The school is also proving to be a formidable draw for homebuyers. While any child who lives in Miami can apply to attend, residents of the new Downtown Doral development are given preference. According to a report by Gridics.com, Doral had 167 sale closings in the first quarter of 2017 — the fifth-highest of any neighborhood in Miami-Dade County.

Codina Partners CEO Ana Codina Barlick, who has overseen the metamorphosis of Downtown Doral from drab offices into a thriving work/live/play community, said an elementary school offering top-notch education was always a critical part of the master plan. A high school is scheduled to break ground in 2018.

“Our business is real estate, not education,” Codina said. “We don’t make a penny off the school. We just wanted it to be great, because the better it is, the more people would want to live in this community.”

In addition to that massive, 120-acre development, which cost more than $1 billion, Codina Partners also gave Doral a new city hall and the three-acre Downtown Doral park. But the elementary school takes developer-led community facilities to a new level.

“GENTRIFICATION IS THE GENESIS OF PEOPLE TRYING TO MAKE MONEY. NO ONE THINKS DEVELOPERS ARE DOING THESE THINGS OUT OF THE GOODNESS OF THEIR HEARTS.”
Doug Jones, managing partner of JAG Insurance Group

The Downtown Doral Charter Elementary School is the first charter school built in a public-private partnership between the Miami-Dade School Board and a developer. Codina Partners donated the $3.5 million plot of land where the school sits. The school is a 501 (c)(3) nonprofit corporation with its own board. That board leased the land back from the county school board and issued $20 million in bonds to construct the building.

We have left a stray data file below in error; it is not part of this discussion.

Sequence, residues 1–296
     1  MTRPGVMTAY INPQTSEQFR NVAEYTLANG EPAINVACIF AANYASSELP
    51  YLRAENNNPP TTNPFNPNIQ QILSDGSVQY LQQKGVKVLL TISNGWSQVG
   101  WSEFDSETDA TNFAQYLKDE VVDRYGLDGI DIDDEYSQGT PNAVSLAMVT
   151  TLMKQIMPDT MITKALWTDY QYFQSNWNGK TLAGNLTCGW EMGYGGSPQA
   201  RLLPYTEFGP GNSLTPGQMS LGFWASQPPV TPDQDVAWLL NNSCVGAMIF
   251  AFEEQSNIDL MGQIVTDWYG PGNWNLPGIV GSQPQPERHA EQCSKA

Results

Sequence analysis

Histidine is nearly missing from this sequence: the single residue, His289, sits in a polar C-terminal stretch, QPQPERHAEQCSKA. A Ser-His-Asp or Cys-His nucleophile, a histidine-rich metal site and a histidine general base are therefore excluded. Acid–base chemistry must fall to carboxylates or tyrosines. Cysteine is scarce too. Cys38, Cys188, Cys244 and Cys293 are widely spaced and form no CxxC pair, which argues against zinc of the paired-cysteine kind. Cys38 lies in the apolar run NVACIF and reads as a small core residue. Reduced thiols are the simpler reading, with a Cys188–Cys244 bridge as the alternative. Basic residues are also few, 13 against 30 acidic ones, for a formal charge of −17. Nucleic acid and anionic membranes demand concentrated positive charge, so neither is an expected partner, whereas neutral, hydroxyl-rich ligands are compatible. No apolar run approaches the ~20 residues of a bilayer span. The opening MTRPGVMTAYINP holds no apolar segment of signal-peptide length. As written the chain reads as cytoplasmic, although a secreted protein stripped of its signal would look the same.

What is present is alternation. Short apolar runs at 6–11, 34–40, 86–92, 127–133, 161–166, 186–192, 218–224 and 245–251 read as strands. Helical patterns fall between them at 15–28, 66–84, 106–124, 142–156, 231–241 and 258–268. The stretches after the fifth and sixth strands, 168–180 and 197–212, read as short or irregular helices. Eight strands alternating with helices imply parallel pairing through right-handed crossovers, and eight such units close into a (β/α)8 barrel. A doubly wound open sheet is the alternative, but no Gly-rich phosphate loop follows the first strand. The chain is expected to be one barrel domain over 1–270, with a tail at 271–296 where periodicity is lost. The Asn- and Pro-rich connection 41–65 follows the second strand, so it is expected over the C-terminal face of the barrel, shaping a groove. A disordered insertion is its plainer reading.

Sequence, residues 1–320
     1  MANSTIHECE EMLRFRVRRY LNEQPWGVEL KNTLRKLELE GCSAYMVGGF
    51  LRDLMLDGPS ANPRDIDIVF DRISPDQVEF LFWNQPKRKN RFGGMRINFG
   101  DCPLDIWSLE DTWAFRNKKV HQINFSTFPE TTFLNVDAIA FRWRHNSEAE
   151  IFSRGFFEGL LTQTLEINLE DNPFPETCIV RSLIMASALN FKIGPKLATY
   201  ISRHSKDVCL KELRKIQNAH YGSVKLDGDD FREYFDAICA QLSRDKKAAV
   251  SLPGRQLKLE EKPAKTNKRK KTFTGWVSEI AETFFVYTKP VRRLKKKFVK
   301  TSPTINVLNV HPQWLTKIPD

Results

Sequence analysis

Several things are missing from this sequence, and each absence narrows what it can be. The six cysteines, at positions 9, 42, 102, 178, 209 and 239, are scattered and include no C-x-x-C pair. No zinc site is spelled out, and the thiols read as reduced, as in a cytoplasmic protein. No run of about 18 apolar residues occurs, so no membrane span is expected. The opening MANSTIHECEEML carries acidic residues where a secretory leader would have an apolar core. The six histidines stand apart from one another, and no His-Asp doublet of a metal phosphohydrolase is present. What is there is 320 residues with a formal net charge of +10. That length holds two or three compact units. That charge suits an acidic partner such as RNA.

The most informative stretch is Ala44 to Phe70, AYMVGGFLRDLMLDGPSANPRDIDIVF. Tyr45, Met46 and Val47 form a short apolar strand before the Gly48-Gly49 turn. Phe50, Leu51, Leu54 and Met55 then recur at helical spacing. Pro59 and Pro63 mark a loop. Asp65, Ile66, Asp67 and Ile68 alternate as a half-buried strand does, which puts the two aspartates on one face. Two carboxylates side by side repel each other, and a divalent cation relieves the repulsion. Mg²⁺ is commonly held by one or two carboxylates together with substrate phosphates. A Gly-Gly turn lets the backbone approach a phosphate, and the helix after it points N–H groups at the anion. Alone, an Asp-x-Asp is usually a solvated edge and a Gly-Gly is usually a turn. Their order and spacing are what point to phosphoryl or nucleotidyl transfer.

The nonprofit board pays the Miami-Dade School Board a fee to manage the Doral operation. But the nonprofit board hires the principal and sets the direction of the school. Reflecting Doral’s high percentage of Hispanic residents, 60 percent of all classes are taught in English; the other 40 percent are in either Spanish or Portuguese. Teachers at the school work under one-year contracts.

“It wasn’t just about providing a school,” Codina said. “That’s really easy. You can call a charter school company and they will put a school here and you don’t have to think about it. We wanted to go beyond that.”

The investment is working. An analysis of U.S. census data by Florida International University’s Metropolitan Center reveals Doral is the fastest-growing big city in Florida and the 11th fastest in the U.S., with 58,000 residents in 2016 — a 26.1 percent increase since 2016. The median price of homes currently listed in Doral is $398,000; the median rent is $2,300. The median income of Doral households was $72,933 in 2015 — almost 60 percent higher than the Miami-Dade County median of $43,129.

“One of the big things that drives property values up is having good education nearby,” Codina said. “We wanted to sell something more than walls, a roof, a floor and some nice appliances. We offer a much bigger value to people by telling them if you move here, you have a school for your kids through high school.”

Quality-of-Life Perks